Scientific Travel

This week I’ve been attending a scientific meeting.  It’s been a very good meeting both in terms of the things shown and discussed, and in terms of the networking opportunities and collaborative conversations I have had.  But it’s brought to the forefront of my mind the issue of travel when I have an autistic toddler.

I try to reduce how many meetings I go to every year, because it’s always hard on my daughter and husband.  This year, it’ll end up being 3 meetings, all of which will be 1 week or less.  At least in my field, this is fairly low.  An informal survey of colleagues gave numbers in the range of 3-6 trips/year, with some of those being multi-week long workshops or scientific expeditions.

Meeting travel is fundamental to my job in a few ways.  It’s key to keeping up with the current research, to getting my own research out there, and to building and maintaining collaborative relationships.  Reputation really matters in science, especially as I contemplate going up for tenure in a few years.  And reputation is largely built at meetings.  Meetings are also the place where I get to concentrate on just science for a few intense days.  95% or more of my original scientific ideas come to me during meetings as I absorb other people’s results and have in-depth scientific conversations.  I always come home re-invigorated and excited to do new research.

On the personal front though, it’s difficult.  People sometimes to say to me “just bring your husband and daughter along with you!”  Some people do this, and in fact, we did try it once.  But as anyone with a kid knows, travel with your kid is hard.  Travel with an autistic kid is really really hard.  She can’t sleep in strange spaces.  She melts down in loud, crowded environments.  She stops eating pretty much entirely when she travels.  It’s bad enough that we’ve contemplated refusing to travel with her at all, even to visit relatives.  So bringing the kiddo is not an option.  At home, she and daddy get along OK without me for a few days.  But of course it’s much harder on daddy doing it all by himself.  And for the first day or two, there are usually more meltdowns and more defiance as she realizes mommy isn’t around.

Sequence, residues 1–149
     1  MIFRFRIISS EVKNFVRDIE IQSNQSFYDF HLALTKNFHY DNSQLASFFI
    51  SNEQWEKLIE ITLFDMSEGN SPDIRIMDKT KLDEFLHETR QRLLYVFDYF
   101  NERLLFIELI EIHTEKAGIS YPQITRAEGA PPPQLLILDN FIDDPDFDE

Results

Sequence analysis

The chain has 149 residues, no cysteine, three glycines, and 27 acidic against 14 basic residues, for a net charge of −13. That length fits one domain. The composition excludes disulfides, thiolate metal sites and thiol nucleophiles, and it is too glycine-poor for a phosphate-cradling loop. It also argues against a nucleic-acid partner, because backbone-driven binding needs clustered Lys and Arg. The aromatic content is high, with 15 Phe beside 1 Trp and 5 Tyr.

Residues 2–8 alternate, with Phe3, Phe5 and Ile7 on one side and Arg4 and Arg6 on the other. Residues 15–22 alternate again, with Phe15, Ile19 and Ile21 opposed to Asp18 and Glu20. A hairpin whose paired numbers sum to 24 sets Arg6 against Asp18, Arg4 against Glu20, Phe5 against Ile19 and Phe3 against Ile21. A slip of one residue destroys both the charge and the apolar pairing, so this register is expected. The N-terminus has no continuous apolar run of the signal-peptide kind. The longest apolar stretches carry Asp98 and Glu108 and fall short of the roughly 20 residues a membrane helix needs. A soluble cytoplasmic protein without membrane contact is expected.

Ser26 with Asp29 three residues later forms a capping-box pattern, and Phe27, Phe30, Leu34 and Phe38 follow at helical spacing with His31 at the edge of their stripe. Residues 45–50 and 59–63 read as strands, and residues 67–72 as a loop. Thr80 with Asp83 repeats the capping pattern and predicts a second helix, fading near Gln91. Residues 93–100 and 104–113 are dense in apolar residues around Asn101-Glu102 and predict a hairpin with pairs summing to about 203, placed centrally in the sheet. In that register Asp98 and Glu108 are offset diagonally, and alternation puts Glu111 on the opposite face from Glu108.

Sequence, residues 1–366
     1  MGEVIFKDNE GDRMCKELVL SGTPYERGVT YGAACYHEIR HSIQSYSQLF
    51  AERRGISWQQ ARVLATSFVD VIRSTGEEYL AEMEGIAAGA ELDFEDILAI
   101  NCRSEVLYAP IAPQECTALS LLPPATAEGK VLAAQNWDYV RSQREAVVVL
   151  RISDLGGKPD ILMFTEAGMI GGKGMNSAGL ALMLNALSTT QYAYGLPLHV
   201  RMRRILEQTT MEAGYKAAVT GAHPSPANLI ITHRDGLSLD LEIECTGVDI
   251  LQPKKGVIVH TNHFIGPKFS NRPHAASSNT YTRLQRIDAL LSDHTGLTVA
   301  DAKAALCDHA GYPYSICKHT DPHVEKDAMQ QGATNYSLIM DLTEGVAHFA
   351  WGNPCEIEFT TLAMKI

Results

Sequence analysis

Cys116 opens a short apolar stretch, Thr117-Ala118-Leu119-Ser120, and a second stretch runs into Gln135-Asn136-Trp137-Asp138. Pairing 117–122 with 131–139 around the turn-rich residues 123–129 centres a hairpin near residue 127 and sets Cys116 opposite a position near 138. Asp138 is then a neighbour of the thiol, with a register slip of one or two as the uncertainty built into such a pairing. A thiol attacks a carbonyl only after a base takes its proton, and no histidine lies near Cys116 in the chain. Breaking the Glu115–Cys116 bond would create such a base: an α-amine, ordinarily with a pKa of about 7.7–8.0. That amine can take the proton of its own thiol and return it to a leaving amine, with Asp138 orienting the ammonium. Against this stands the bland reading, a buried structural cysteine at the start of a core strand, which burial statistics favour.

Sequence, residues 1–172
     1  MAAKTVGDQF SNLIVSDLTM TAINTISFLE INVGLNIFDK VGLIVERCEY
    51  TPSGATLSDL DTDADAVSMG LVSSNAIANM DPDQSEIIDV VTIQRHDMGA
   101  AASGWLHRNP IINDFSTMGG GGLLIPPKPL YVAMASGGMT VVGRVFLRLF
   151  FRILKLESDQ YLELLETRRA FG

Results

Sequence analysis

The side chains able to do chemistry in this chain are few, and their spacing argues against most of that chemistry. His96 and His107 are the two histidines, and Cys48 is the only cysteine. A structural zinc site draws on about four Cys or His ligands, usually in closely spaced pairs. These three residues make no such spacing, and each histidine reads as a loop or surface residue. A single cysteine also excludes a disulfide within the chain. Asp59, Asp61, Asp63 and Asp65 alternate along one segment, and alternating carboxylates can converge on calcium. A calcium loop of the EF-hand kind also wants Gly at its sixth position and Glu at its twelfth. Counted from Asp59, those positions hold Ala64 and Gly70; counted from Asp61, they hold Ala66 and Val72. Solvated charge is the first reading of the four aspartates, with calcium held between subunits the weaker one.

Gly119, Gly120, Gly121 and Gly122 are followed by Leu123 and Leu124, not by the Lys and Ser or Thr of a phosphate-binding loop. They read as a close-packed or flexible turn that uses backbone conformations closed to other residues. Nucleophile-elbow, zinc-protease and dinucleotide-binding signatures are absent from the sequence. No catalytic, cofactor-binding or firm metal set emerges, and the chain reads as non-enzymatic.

So there is a clear personal-professional tension that comes up every time there’s a meeting in my field.  Like all things, it’s about priorities and balance.  I do wonder if meeting travel will get easier (ha) or harder (probably) as my kiddo gets older.  If any readers out there have any advice or personal experiences balancing these issues, I would love to hear it.

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